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Writerly ambitions

The L.A. Times piece on Aaron Sorkin comparing great TV to movies is an interestingly compelling bit on just how mainstream cinema has moved from good writing to mainlining spectacle. Sorkin, surely one of the great TV dramatists of the past 20 years, has been praised for his script for “The Social Network” in its mix of trademark Sorkin traits: compelling characters, smart dialogue, and compelling moral dilemmas. In short, really what you’d watch a good TV show for. These are characteristics that seem to be missing more and more from contemporary cinema, and Sorkin brings an interesting point about great screenwriters of the past:

“If Herman Mankiewicz, Billy Wilder, Preston Sturges and Budd Schulberg were alive today, they’d be writing on TV. As a writer, you love immediacy, of being able to weigh in on something that’s on everyone’s mind. And with rare exception, you only get to do that with TV. With a movie, even if everything goes perfectly, I can write a joke today and have to wait two years to hear the laughter.”

The article goes on to look at the current state of some acclaimed screenwriters, and their notable lack of produced credits lately. Frank Darabont, maybe the best classical American director to debut in the 1990s and a three-time Oscar nominee, hasn’t made a film since “The Mist” in 2007 and has only directed four films since the past 17 years (compare that to uberhack Michael Bay, who’s shooting his ninth feature since 1995). Darabont finally made the move to television, where he’s running the show for “The Walking Dead” over on AMC.

Its initally difficult to think that Sorkin is right until you go back and look at the filmmakers mentioned. Mankiewicz  wrote or co-wrote “Citizen Kane,” “Pride of the Yankees” and “Dinner at Eight.” Wilder fielded an amazing body of work, ranging from “Double Indemnity” to “Sunset Boulevard” and “The Apartment.” Sturges (“Sullivan’s Travels,” “Hail the Conquering Hero”) was the first writer who really directed his own scripts. Schulberg’s scripts for “On the Waterfront” and “A Face in the Crowd” are some of the most honest writing of that period.

Transpose that to modern times. Is there room in the 12-screen multiplex for complex narratives, complicated characters, real emotion, true pathos? Rarely, it seems. Those that attempt it seem to fall between the cracks if they can’t be attached to a certain genre. Consider Ben Affleck’s recent feature “The Town,” which has been raised for its sharp characterization, strong dialogue, and a realistic evocation of south Boston. Of course, it’s all wrapped around an easy-to-accept genre, the heist flick. If you stripped out that aspect and really made it into a Paddy Cheyevsky-esque “kitchen sink” drama, would it have opened at number one in its opening weekend? Doubtful.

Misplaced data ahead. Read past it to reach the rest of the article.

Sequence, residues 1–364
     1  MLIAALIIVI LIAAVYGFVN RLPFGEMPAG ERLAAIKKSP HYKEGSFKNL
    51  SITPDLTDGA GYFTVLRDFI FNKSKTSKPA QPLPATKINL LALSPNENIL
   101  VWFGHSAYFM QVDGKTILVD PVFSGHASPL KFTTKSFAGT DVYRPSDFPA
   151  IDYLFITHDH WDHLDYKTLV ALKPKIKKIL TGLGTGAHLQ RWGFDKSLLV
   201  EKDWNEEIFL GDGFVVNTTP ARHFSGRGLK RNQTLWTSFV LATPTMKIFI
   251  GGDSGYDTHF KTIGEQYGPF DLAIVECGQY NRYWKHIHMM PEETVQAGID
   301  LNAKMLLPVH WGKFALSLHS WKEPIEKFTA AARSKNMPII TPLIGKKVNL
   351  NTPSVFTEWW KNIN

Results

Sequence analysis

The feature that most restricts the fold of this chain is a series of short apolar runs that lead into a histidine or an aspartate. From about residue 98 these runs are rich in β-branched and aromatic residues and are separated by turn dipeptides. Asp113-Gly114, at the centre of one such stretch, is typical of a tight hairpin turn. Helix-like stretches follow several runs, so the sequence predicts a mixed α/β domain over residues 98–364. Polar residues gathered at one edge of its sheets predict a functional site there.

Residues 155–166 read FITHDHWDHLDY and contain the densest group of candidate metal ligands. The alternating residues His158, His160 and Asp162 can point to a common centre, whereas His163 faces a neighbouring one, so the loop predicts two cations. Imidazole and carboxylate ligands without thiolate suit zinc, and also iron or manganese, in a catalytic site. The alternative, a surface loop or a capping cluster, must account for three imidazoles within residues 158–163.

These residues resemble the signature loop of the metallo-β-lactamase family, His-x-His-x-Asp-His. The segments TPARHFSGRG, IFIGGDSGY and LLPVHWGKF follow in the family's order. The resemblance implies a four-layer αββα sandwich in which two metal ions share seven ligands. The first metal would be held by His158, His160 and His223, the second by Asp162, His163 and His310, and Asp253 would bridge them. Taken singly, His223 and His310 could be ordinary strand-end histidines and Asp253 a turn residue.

Alan Ball won an Oscar for his “American Beauty” script and promptly went on to create “Six Feet Under” and adapt “True Blood” for HBO, both the great critical and public success. The L.A. Times article talks a bit about how Ball’s ascerbic view of American suburbia isn’t a natural match for Hollywood, but the bitter humor is perfect for cable television, where characters get hours and weeks to live out lives that would otherwise be condensed into two hours in a movie (I’d have been fascinated to see “American Beauty” play out over the course of several seasons, seeing how Ball and a crew of writers would have developed the lives and choices of Lester Burnam and his family and associations.)

Stephen Gaghan, an Oscar winner for “Traffic,” hasn’t had a feature produced since 2005, though he set a TV deal into place last year that, regretfully, has yet to bear any fruit. Meanwhile, his spiritual older twin brother David E. Kelley continues to create new series, including an upcoming “Wonder Woman” adaptation. Kelley began his career with the feature “From the Hip” and has only had three other films produced from his scripts, none of them worth a second look. Why? Because Kelley, like Sorkin, specializes in Big Issues, forcing his characters to deal with the weight of the world, and TV allows someone like Kelley to pound out a script about the moral dilemma of the week (gun control, public education, gays in the military, the war on terror) and have that script shot and on TV in a month’s time, whereas film takes YEARS, rendering the issue almost moot.